Thursday, 21 April 2016

ANZAC Cousins in Arms



A Family’s Ultimate Sacrifice

  Fourteen members of one family made the ultimate sacrifice


                                                               (Eric Hansen)
As Anzac Day once again draws closer, our thoughts will increasingly turn to the contribution and sacrifice made by the many young New Zealand and Australian troops who fought in a war far overseas.

Over a four year period, 100,444 New Zealand men served overseas, out of a total population of just over one million people. Of these troops, 16,697 were killed and 41,317 were wounded during the war, and another 507 died during training. A further 1,000 men died within five years of the war ending as a result of injuries suffered. 

Australia made a similar contribution and also paid a similar cost. A total of 331,814 Australians served overseas, representing 18% of their male population. Of these, 61,859 troops were killed or died during the war.

New Zealand, as a small outpost of the British Empire, took pride in its contribution to the British war effort and the part it played in winning the war. Within New Zealand, one particular family had cause to be prouder than most. The Hansen family had the distinction of providing 42 young men to serve in the New Zealand Expeditionary Force and the Australian Imperial Force.

All 42 men were the grandchildren or great grandchildren of Thomas Hansen and his sister Hannah King, New Zealand’s first permanent European settlers. They had arrived in the Bay of Islands from Australia, on board the brig Active in 1814, and lived side by side at Hohi and then Te Puna for all their married lives. Together with their 23 children, they became known as the First Family.

By 1914, Hansen family descendants had spread throughout New Zealand, and across to Australia. When Britain declared war on 4th August, the young men of the Hansen family, along with thousands of other young New Zealand and Australian men, saw it as their patriotic duty to enlist in the Army.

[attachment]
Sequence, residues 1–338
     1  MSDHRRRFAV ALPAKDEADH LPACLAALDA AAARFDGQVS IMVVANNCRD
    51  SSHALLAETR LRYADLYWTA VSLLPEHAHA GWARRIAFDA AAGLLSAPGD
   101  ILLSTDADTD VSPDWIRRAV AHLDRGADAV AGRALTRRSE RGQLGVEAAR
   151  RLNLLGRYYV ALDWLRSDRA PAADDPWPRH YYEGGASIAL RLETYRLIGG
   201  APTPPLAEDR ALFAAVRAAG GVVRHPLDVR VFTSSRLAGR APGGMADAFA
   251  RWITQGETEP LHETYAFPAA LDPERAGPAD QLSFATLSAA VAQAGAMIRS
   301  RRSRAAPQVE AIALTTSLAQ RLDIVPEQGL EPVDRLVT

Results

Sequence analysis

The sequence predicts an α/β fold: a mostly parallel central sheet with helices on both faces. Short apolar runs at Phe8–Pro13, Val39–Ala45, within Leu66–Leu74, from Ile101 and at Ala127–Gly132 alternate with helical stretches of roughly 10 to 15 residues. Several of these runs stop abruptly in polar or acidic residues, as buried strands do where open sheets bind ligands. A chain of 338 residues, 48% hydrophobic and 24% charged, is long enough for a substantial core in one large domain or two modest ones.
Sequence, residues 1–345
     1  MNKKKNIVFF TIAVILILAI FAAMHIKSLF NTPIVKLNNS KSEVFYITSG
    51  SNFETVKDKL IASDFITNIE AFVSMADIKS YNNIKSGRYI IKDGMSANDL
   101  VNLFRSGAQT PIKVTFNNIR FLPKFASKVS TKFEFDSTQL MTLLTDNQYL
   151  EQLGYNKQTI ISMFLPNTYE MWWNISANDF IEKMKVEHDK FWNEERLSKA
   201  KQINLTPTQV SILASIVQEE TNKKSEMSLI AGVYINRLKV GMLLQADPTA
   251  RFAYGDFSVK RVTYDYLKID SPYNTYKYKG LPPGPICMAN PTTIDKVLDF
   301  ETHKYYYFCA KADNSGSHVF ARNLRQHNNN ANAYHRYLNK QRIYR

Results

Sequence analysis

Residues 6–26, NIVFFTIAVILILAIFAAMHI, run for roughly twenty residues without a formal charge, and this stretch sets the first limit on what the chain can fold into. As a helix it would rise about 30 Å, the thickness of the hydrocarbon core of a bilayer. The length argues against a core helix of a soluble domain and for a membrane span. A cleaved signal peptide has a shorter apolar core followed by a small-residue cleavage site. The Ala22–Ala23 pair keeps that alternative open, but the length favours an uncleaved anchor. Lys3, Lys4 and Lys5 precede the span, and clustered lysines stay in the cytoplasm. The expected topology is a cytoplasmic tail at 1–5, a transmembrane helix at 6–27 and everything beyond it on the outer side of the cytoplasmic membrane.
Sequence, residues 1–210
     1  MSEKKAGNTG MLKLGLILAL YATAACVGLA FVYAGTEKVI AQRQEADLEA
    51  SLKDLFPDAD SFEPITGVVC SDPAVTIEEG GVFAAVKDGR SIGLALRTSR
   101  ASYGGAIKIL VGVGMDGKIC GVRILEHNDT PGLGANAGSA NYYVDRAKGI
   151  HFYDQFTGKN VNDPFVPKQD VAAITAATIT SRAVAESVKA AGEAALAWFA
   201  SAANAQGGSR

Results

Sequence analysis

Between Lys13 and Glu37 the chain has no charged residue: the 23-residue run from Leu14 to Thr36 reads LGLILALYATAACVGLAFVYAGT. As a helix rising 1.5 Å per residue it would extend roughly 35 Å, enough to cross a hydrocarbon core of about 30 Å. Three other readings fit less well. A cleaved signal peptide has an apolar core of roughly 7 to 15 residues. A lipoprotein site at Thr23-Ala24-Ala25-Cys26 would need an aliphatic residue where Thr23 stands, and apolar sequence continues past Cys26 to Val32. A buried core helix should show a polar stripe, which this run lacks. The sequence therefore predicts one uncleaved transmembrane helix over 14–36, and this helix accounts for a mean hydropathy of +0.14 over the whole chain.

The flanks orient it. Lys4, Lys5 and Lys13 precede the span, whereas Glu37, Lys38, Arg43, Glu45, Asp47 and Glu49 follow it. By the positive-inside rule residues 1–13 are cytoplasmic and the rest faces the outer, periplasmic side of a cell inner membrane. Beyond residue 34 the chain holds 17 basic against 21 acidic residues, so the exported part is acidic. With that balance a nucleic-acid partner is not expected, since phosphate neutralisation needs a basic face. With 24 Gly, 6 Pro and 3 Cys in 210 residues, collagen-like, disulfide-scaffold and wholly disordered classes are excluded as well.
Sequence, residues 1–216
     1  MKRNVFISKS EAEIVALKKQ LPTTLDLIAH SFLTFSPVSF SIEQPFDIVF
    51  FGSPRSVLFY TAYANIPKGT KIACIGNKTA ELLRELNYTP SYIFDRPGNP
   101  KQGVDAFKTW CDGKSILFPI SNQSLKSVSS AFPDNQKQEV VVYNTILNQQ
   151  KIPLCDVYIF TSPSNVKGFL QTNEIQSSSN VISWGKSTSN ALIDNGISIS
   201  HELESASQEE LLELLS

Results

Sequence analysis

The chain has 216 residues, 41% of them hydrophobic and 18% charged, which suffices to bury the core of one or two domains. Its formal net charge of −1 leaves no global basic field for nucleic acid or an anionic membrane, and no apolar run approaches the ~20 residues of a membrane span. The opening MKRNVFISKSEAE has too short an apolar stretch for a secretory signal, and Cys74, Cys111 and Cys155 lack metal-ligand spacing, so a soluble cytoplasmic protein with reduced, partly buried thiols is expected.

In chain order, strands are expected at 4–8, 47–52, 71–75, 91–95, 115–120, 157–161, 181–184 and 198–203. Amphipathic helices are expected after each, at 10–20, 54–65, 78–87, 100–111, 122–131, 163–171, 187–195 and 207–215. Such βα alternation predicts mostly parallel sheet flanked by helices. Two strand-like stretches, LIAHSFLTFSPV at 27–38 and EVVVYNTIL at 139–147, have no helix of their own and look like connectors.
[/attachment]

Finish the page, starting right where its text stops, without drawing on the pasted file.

Like other families throughout New Zealand, the Hansen family also suffered its share of tragedy during the war. Of the 42 young men who chose to serve their country in the war, 14 made the ultimate sacrifice; a rate of one in three. This was twice the national average of one in six.

While this was a very high casualty rate for any family, one branch of the family suffered even more. Four sons of Phillip and Ella Baker, from Russell, served in the NZEF on the Western Front. Two of them, Varley and Phillip died in France; Varley was killed in action and Phillip died from disease. A third son, Theodore, died from his wounds upon being invalided home to Okaihau. Of their four sons, the Bakers lost three to the war.
Two of the 42 cousins who served in the war were decorated for bravery in the field. Ira Theodore Hansen and Herbert Nolan Flowerday were both awarded the Military Medal. 


Theo won his Military Medal during the Battle of Passchendaele in October 1917. As a linesman attached to Battalion Headquarters, he went out on numerous occasions under fire to repair telephone wires.

Herbert Flowerday won his Military Medal in March 1918. As a stretcher bearer, he went out under fire on numerous occasions into No Man’s Land to bring back wounded soldiers.

Theo’s younger brother, Bert Hansen, had the distinction of being the only Kiwi soldier to successfully escape from German captivity, not once, but twice, on the Western Front. His first escape was from a prison hospital in Belgium, and the second time was from a railway station in Liege, where he was minutes away from being transported to Germany to stand trial as a spy. He was still being sheltered by the Belgian Underground when the Armistice took effect on 11th November 1918.